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New Study Reveals Molecular Underpinnings of Prostate Cancer in Patients of African Descent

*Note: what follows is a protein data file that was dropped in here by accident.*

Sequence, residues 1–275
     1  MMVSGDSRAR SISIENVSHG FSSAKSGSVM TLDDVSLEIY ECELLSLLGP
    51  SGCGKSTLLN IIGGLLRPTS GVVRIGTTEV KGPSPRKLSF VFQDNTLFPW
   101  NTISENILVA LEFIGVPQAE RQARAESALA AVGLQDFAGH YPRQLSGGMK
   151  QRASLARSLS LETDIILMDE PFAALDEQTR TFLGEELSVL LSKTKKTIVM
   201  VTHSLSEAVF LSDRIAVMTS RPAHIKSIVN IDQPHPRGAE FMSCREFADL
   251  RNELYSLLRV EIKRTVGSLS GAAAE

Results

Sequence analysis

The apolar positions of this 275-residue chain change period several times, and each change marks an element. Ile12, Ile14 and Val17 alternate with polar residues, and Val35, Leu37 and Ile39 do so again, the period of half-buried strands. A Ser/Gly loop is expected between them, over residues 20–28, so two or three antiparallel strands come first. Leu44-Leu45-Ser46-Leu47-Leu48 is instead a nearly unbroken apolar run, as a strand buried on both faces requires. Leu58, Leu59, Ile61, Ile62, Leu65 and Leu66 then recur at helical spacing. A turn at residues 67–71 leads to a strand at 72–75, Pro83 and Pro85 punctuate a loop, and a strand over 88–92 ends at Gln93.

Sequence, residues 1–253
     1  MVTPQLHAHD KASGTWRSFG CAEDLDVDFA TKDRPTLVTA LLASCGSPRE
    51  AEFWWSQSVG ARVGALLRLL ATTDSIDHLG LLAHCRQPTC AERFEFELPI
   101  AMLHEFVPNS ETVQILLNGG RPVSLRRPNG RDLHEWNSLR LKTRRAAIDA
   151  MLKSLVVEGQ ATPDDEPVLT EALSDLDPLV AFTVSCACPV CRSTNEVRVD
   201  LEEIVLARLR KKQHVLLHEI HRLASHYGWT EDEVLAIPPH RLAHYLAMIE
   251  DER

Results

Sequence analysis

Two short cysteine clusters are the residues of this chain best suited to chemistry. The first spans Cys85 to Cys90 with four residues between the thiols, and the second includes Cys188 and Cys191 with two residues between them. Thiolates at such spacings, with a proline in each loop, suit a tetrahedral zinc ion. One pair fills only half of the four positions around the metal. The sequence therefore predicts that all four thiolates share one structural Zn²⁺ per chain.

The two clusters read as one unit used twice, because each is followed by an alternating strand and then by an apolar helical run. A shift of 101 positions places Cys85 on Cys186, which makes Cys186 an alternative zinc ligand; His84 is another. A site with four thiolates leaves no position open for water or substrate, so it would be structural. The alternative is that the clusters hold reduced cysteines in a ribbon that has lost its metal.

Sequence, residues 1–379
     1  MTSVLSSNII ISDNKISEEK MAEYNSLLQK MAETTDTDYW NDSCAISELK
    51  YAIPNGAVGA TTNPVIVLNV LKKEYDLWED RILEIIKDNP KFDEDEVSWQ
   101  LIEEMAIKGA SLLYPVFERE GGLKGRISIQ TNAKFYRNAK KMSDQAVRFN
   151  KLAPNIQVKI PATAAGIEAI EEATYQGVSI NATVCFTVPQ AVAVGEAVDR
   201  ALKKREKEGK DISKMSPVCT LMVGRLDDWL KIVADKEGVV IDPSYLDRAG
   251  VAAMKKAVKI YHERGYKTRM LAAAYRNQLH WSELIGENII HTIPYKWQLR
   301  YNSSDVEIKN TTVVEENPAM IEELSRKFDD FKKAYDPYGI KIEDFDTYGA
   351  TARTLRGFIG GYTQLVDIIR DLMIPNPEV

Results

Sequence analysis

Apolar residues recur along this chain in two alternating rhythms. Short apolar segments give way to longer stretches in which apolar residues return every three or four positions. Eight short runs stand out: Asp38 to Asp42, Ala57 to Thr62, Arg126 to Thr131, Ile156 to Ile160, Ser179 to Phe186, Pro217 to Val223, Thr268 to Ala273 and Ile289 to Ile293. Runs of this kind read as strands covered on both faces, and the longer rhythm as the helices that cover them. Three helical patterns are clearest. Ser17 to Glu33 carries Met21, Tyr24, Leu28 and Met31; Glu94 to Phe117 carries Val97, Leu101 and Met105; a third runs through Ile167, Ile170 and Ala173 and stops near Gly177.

A new whole-genome prostate cancer genome resource for sub-Saharan Africa is reported this week in Nature, demonstrating how global inclusion in cancer genomics can unravel unseen heterogeneity in prostate cancer in terms of its genomic and clinical behaviors. Prostate cancer is characterized by considerable geo-ethnic disparity. African ancestry is a significant risk factor for the disease, with 2.7-fold higher mortality rates across sub-Saharan Africa than global averages, yet the genetic and nongenetic factors underlying this is not known. In this week's study, a team led by scientists from the University of Sydney perform whole-genome sequencing of treatment-naïve prostate cancer samples from 183 ancestrally and globally distinct patients to generate a large cancer genomics resource for sub-Saharan Africa that includes around 2 million somatic variants. Findings specific to patients of African ancestry include an elevated tumor mutational burden, increased percentage of genome alteration, a greater number of predicted damaging mutations and a higher total of mutational signatures, and various cancer driver genes. The researchers also describe a molecular taxonomy for prostate cancer differentiated by ancestry and defined as global mutational subtypes, while uncovering different evolutionary trajectories and mutational processes that suggest both common genetic and environmental factors contribute to the disparity between ethnicities. "Our study suggests that larger genomic datasets of geo-ethnically diverse and ancestrally defined populations in a unified analysis will continue to identify rare and geographically restricted subtypes in prostate cancer and potentially other cancers," the study's authors write. "We demonstrate that ancestral and geographical attributes of patients could facilitate … studies on cancer population genomics, an alternative to cancer personalized genomics, for a better scientific understanding of nature versus nurture."